State Question 759 would prohibit certain preferential treatment or discrimination in areas of employment, education and state contracting, according to the Nov. 6 state question ballot. Affirmative action programs in these three areas of government would be prohibited, but the ballot also states that discrimination in these areas remains prohibited as well.
“It restores a level playing field where individuals are judged on merit instead of race or color or gender,” said state Rep. Randy Grau, R-Edmond.
Private businesses most impacted by the proposed lifting of affirmative action requirements will be those who have received government contracts in the past due to racial or gender preferences. Minority-owned businesses may be more competitive in obtaining certain types of contracts due to affirmative action policies.
“But there’s countless others who have not been given that benefit and so they have not been playing on a level field,” Grau said.
SQ 759 permits affirmative action in three instances: “When gender is a bonafide qualification, it is allowed. Existing court orders and consent decrees that require preferred treatment will continue and can be followed. Affirmative action is allowed when needed to keep or obtain federal funds,” according to the ballot language.
The measure applies to the state, its agencies, counties, cities, towns, school districts and other state subdivisions, according to the ballot.
Affirmative action requirements by the federal government have no bearing on SQ 759, Grau said, because SQ 759 would exempt programs that are necessary for federal funding.
State Rep. Jason Murphey, R-Guthrie, said passage of SQ 759 would put everyone on an equal playing field. “It’s important,” he said.
“The dream of Martin Luther King Jr. was that we do not judge people by the color of their skin but on character and merit,” Grau said. “We have a president of the United States that has one of the most diverse and unique backgrounds that you can possibly imagine,” Grau said. “… I think that shows we are not a nation that is so hung up on race as we once were.”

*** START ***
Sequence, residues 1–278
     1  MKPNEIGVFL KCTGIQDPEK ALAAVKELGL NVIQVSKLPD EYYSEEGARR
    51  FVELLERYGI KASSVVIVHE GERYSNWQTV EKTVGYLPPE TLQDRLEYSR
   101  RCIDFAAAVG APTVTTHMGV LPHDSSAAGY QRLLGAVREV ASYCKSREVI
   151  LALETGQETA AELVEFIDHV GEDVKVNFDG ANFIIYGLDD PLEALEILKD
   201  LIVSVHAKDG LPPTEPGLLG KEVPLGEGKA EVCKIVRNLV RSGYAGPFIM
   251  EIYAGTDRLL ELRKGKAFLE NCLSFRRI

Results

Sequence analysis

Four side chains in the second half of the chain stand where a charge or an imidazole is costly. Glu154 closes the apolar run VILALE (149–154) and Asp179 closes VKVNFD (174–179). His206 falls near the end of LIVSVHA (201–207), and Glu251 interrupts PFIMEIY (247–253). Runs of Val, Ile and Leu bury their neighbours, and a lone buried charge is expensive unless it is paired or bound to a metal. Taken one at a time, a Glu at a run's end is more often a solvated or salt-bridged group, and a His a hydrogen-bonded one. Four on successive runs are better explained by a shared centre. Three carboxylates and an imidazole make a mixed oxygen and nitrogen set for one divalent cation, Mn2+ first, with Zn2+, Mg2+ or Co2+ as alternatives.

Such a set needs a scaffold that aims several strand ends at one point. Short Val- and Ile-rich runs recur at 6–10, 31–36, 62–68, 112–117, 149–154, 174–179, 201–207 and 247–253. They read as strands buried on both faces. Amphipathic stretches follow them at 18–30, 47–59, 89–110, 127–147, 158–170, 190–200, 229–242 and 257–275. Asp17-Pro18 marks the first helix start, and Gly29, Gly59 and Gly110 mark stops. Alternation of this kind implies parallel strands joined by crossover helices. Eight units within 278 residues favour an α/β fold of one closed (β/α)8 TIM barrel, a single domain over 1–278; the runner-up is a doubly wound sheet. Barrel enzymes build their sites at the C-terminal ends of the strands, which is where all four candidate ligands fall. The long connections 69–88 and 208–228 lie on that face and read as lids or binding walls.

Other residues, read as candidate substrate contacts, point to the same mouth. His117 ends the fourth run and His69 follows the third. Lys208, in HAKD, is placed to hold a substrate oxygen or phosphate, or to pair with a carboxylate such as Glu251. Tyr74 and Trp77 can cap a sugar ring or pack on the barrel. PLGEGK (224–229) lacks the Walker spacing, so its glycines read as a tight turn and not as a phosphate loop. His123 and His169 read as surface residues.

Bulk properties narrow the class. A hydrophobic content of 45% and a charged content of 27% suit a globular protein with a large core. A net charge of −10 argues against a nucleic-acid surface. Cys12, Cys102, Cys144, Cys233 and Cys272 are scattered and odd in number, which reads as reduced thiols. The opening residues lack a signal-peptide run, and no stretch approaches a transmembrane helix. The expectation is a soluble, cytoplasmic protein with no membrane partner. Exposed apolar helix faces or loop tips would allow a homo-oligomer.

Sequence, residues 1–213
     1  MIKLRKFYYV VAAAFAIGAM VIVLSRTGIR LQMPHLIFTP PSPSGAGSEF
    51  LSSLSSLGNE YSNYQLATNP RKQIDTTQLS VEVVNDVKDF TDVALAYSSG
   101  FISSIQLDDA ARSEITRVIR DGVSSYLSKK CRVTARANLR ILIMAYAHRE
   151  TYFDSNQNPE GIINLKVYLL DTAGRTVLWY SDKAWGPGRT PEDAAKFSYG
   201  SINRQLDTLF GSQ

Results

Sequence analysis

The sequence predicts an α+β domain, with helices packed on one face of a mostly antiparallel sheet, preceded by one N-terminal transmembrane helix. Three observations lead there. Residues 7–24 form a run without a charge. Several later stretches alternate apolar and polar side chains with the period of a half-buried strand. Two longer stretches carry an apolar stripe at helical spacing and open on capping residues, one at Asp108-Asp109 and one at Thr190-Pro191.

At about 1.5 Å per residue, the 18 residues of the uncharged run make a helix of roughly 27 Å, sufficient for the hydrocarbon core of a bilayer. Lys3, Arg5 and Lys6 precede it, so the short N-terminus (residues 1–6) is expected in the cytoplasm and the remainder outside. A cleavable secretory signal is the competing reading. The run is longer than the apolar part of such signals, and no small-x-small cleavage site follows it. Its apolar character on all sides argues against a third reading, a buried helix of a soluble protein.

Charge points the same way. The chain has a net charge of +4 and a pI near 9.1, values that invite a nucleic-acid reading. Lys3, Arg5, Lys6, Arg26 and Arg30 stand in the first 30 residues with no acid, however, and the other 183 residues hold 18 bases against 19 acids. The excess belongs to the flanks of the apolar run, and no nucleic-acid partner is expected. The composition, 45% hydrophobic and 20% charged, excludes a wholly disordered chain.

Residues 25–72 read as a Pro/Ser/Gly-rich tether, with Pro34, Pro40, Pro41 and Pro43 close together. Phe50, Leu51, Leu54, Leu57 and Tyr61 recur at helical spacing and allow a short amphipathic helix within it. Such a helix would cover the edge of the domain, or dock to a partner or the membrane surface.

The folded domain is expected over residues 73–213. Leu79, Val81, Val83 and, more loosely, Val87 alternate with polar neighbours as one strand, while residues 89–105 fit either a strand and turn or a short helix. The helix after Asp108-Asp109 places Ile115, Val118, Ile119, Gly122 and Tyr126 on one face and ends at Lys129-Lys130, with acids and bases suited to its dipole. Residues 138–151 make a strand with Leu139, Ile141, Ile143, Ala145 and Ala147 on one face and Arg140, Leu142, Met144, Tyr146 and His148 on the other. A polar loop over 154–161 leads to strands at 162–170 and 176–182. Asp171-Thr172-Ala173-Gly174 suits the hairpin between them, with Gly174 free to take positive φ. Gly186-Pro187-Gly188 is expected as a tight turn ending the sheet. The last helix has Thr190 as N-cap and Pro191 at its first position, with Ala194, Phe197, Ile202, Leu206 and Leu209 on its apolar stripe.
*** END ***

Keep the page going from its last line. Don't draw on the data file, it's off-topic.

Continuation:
State Sen. Greg Treat, R-Oklahoma City, agreed that the issuance of state contracts should be based on merit and the best value to the taxpayer.
S.Q. 759 came to the ballot after the Legislature approved Senate Joint Resolution 759, co-sponsored by state Sen. Rob Johnson of Kingfisher and state Rep. Leslie Osborn of Tuttle.
The Edmond Sun tried repeatedly over a two-week period to reach state Sen. Rob Johnson through his office to comment on this story, but did not hear from him.
According to the Equal Opportunity Commission, more than 1,400 charges of discrimination or harassment based on race, religion, gender or physical disability were made against employers in Oklahoma last year.
Among the groups in oppostion to SQ 759 are the American Civil Liberties Union, the Peace House, the NAACP and Oklahoma Policy Institute.
“Oklahomans deserve a public sector that affords equal access to all its residents, not so-called ‘color-blind’ policies that preserve and perpetuate status quo discrimination. SQ 759 is unnecessary, draconian and a giant leap backwards for Oklahoma,” stated OK Policy Blog.
TO LEARN MORE about Oklahoma state questions, go to https://www.sos.ok.gov/gov/proposed_questions.aspx.